Bryan thought people might be interested in peeking in on the actor's process. Makes sense. I'm asked about it all the time. (Particularly, "How did you learn all those lines?!") But, you know, an abbreviated actor's process. Because other things want your time and effort.
Now, if only we had a play that was made up of several short, stand-alone scenes... aha! Variations on a Theme will work just perfectly, thank you.
So Variation on a *Scene* puts two actors, Jay Coombes and Caroline Dawson, onstage, without having any idea what script they're about to be handed. They read it cold for the first time onstage, and the rest of the performance is them, rehearsing the same short scene, exploring the script, and making character and relationship choices.
We did a test drive of this concept several months ago, using different actors and a different script.
We got some good feedback. As it turns out, non-theater people did find the acting process interesting. As did the theater people we'd invited. It's interesting to note that each group thought the other group might not find it as compelling as they did, themselves. Hm. Assumptions based on past experiences, anybody?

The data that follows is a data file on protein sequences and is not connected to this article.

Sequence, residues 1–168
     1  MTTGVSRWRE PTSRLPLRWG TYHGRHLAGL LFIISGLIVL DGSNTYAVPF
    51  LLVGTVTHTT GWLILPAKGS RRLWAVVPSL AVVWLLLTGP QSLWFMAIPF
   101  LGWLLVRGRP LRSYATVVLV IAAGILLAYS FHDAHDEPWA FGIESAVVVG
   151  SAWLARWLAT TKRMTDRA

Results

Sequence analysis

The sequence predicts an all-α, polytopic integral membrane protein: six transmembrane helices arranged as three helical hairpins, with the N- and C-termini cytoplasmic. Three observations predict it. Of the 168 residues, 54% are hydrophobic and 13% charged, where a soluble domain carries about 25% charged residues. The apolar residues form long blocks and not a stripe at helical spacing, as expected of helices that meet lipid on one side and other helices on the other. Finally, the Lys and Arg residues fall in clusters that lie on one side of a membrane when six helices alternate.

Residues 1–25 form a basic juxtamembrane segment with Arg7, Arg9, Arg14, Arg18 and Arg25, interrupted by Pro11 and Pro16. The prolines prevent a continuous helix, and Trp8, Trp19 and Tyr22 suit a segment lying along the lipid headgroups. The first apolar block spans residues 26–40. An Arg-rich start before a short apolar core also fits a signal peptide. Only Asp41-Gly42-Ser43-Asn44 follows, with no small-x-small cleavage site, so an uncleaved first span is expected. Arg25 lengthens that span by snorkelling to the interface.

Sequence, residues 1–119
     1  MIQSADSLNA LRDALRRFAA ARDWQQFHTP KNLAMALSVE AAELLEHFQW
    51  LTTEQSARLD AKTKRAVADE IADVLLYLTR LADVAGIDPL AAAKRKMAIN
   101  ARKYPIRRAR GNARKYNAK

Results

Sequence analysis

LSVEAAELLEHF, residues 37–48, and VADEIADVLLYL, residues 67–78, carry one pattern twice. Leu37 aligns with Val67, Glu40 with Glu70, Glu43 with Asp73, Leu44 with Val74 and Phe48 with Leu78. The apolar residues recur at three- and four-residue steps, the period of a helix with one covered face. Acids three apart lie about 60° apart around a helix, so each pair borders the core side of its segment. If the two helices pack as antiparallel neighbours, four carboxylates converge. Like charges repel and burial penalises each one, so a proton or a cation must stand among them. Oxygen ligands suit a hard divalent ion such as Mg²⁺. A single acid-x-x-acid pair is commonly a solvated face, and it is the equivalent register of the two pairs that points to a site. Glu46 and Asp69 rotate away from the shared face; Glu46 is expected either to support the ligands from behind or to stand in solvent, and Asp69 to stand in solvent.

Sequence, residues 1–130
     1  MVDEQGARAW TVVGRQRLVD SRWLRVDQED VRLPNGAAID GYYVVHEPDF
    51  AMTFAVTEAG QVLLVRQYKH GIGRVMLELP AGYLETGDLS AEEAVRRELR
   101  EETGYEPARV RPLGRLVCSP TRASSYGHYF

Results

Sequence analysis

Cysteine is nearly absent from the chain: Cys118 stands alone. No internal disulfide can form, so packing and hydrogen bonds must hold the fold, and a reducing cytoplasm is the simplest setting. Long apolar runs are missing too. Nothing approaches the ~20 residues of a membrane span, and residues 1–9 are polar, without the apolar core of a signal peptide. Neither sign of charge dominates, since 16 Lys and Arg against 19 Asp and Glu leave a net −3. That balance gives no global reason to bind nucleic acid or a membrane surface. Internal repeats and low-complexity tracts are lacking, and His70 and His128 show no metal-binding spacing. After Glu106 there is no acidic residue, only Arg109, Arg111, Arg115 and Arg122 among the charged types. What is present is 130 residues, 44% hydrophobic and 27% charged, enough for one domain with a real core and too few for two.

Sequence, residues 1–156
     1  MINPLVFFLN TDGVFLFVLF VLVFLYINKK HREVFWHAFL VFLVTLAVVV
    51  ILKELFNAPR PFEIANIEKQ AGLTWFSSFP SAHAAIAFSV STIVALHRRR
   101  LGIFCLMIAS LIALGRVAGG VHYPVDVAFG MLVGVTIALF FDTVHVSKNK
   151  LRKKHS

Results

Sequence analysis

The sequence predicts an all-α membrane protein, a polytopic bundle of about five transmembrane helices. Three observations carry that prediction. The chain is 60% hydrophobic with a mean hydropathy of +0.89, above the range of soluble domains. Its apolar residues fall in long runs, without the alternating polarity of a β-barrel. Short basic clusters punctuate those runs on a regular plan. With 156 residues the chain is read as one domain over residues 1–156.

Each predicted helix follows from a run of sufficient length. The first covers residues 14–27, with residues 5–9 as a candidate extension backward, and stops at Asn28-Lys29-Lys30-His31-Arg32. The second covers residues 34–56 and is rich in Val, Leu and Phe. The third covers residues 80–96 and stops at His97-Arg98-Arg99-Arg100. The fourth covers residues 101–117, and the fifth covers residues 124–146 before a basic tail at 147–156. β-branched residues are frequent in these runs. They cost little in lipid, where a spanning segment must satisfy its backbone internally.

Scene is improv, but with a script. The words on the page are the only boundaries. Everything else is up for interpretation by the actors - many interpretations. Jay and Caroline will be given a different script for every performance, and they're not allowed to see Theme until after their last show. They have no idea what they're getting themselves into. *maniacal laugh*
Scene will be performed at MTH's Stage 2 in Crown Center. You don't even have to leave the space to see Scene AND Theme! We totally did that on purpose, for your convenience. (No, we didn't. But it's awfully nice that it worked out that way.) Show times for Variations on a Scene are:
Mon, July 24 at 6:00
Tues, July 25 at 7:30
Wed, July 26 at 9:00
Fri, July 28 at 9:00
Sat, July 29 at 4:30
Tickets for all shows are $10, with a one-time purchase of a $5 Fringe button, that's yours to keep forever! (All the cool kids have one.) Tickets and buttons are available at the Fringe office on the lower level of Union Station, and at all venues.
I'll be there, possibly at the bar, staving off my anxiety with Shirley Temples and popcorn. I'm so hard core.
|I can't believe I actually found an image that fit that search.